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Tokyo Olympic Games

A Look Back at the Men’s Freestyle Olympic Placements Over the Years

Pictured: Tokyo 2020 Olympic champion (86 kg) David Taylor. Photo courtesy of Larry Slater; LBSphoto.smugmug.com.

In every Olympic Games since 2004, the IOC went to six weight classes. Under that format, the 2020 Tokyo Games has proved among the most successful for Team USA. Every U.S. men’s freestyler brought home a medal, which accounted for five of the nine total medals for USA Wrestling. To put into perspective how much of an achievement that is, the United States won eleven total medals in wrestling across the 2008, 2012, and 2016 Olympics. These nine were also the most medals of any other country for wrestling during the 2020 Olympics.

A look at the Team USA men’s freestyle Olympic squads since 2004 in Athens. 

2004 – Athens Olympics

Stephen Abas, FS, 55 kg., 2nd

Eric Guerrero, 2004, FS, 60 kg., dnp

Jamill Kelly, 2004, FS, 66 kg., 2nd

Joe Williams, 2004, FS, 74 kg., 5th

Cael Sanderson, 2004, FS, 84 kg., 1st

Daniel Cormier, 2004, FS, 96 kg., 4th

Kerry McCoy, 2004, FS, HWT, 7th

2008 – Beijing Olympics

Henry Cejudo, 2008, FS, 55 kg, 1st, 

Mike Zadick, 2008, FS, 60 kg, dnp

Doug Schwab, 2008, FS, 66 kg, dnp

Ben Askren, 2008, FS, 74 kg, 7th

Andy Hrovat, 2008, FS, 84 kg, dnp

Daniel Cormier, 2008, FS, 96 kg, dnc

Steve Mocco, 2008, FS, 120 kg, 7th

2012 – London Olympics

Sam Hazewinkel, FS, 55 kg, dnp

Coleman Scott, FS, 60 kg, 3rd

Jared Frayer, FS, 66 kg, dnp

Jordan Burroughs, FS, 74 kg., 1st

Jake Herbert, FS, 84 kg, 7th

Jake Varner, FS, 96 kg, 1st

Tervel Dlagnev, FS, 120 kg, 3rd

2016 – Rio de Janeiro Olympics

Daniel Dennis, FS, 57 kg, 19th

Frank Molinaro, FS, 65 kg, 5th

Jordan Burroughs, FS, 74 kg, 9th

J’den Cox, FS, 86 kg, 3rd

Kyle Snyder, FS, 97 kg, 1st

Tervel Dlagnev, FS, 120 kg, 3rd

2020 Tokyo Olympics

Thomas Gilman, FS, 57 kg, 3rd

Kyle Dake, FS, 74 kg, 3rd

David Taylor, FS, 86 kg, 1st

Kyle Snyder, FS, 79 kg, 2nd

Gable Steveson, FS, 125 kg, 1st

All five wrestlers competing for the United States in men’s freestyle at the Olympics made it to the podium, earning two bronzes, one silver, and two gold medals. This year has seen extraordinary performances from these athletes, who produced a combined 16-3 overall record.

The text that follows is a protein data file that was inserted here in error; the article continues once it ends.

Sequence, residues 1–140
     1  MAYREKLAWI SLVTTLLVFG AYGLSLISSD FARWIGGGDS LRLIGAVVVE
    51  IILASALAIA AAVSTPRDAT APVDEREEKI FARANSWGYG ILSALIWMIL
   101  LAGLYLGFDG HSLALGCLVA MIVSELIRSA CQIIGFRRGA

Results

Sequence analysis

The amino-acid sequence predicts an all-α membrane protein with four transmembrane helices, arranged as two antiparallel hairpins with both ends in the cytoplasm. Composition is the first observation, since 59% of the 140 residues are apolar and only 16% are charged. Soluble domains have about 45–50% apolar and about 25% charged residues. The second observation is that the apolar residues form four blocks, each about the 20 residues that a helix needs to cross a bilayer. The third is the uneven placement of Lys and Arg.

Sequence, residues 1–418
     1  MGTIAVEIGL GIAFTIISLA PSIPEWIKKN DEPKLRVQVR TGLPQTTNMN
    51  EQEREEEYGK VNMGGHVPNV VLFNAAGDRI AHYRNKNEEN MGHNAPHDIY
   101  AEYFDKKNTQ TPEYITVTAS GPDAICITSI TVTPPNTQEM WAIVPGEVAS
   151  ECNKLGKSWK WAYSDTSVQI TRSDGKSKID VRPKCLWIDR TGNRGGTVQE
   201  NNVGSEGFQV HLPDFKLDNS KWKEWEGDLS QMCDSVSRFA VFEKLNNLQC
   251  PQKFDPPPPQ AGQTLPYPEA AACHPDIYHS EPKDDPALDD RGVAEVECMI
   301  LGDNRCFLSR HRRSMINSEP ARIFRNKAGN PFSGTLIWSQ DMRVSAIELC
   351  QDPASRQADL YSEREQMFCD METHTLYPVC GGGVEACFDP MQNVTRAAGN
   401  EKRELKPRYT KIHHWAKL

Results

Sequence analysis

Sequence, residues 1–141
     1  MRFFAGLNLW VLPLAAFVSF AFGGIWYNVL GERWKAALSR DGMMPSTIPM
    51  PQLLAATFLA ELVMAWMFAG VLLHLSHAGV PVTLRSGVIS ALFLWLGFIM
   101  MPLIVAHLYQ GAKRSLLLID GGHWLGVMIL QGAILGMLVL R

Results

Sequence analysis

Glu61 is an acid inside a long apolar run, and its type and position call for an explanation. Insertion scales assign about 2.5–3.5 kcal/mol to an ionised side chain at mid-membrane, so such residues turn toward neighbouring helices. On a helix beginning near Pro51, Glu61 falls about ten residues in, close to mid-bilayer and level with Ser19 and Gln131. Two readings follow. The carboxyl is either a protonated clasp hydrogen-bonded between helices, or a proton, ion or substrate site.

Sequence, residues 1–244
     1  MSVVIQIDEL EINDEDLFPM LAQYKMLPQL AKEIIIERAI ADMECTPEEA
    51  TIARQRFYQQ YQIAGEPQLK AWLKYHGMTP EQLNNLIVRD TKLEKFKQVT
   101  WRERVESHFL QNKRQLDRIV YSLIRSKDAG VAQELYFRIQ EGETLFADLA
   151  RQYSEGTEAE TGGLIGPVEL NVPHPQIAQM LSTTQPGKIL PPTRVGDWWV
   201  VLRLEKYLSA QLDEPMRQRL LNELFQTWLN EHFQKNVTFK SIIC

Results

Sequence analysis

After losing his Olympic opener in a last-second defeat to eventual champion Zavur Uguev of Russia, Thomas Gilman easily defeated his next two opponents to claim the bronze medal in the 57 kg class. The former Hawkeye wrestled as good as we have ever seen from him despite battling through a Lisfranc injury. 

After barely missing the team in 2016, Kyle Dake made the 2020 Olympic Team by defeating rival and countryman, 2012 Olympic Gold medalist, and four-time World champion Jordan Burroughs in the 74 kg finals at the US Team Trials. At the Games, Dake lost his chance for a gold medal after falling in a shocker to Belarus’s Magomedkhabib Kadimagomedov 11-0 in round two. But Dake rebounded to defeat four-time World medalist Geandry Garzón of Cuba and 2016 Rio Olympic bronze medalist Frank Chamizo of Italy to claim a bronze medal of his own for the United States. He has since intimated that he is battling through an injury of some sort, but would not specify further. 

David Taylor had several accolades under his belt, including first-place finishes at the 2021 and 2019 Pan American Championships, the 2015, 2017, and 2018 US Open, the 2017 and 2018 World Cups, and most notably  a 2018 World title from Budapest, but had never competed in the Olympics until this year. He made the most of it, breezing to the finals and  coming home with a gold medal to add to this collection, winning gold in the 86 kg class in thrilling fashion thanks to a 4-3 over Hassan Yazdani.

Kyle Snyder arrived in Tokyo not only as an Olympic gold medalist but as the youngest Olympic Gold medalist in American Wrestling history after his win in 2016. On Saturday, Snyder added a silver medal to his collection, losing the gold medal match to Abdulrashid Sadulaev of the Russian Olympic Committee 6-3. The former Ohio State Buckeye flew into the finals matchup outscoring his three opponents 33-2 with two shutouts. 

Gable Steveson shocked the world with his win over Georgia’s Geno Petriashvili in the 125 kg gold-medal match. His last-second win over Petriashvili, a three-time World champion, with just 0.2 seconds on the clock caught the attention of many, and some are speculating on what the 21-year-old will do next. 

On Tuesday, Steveson posted about it on Twitter, quoted a post speculating the betting odds on his future with “If I was y’all I would bet on the NFL.” 

https://twitter.com/GableSteveson/status/1424935497705590784?s=20

That same day, Steveson posted on Twitter addressing Dana White, the President of the UFC, with a simple hand-waving emoji.

https://twitter.com/GableSteveson/status/1424970022812856332?s=20

The Minnesota heavyweight has also cryptically hinted at moving to the WWE or playing college football for P.J. Fleck and the Golden Gophers in 2022. Needless to say, the world’s most popular wrestler is having fun with people at this point. That said, Gable will be must-see TV no matter what path he takes. 

Team USA’s men’s freestyle success during the 2020 Olympics, in addition to the women’s freestyle team’s historic week, point to a bright future for USA Wrestling on the international scene in the years to come. 

And, as fans we only have to wait a couple months to see many of these Olympians back on the mat at the 2021 World Championships in Oslo, Norway in October. 

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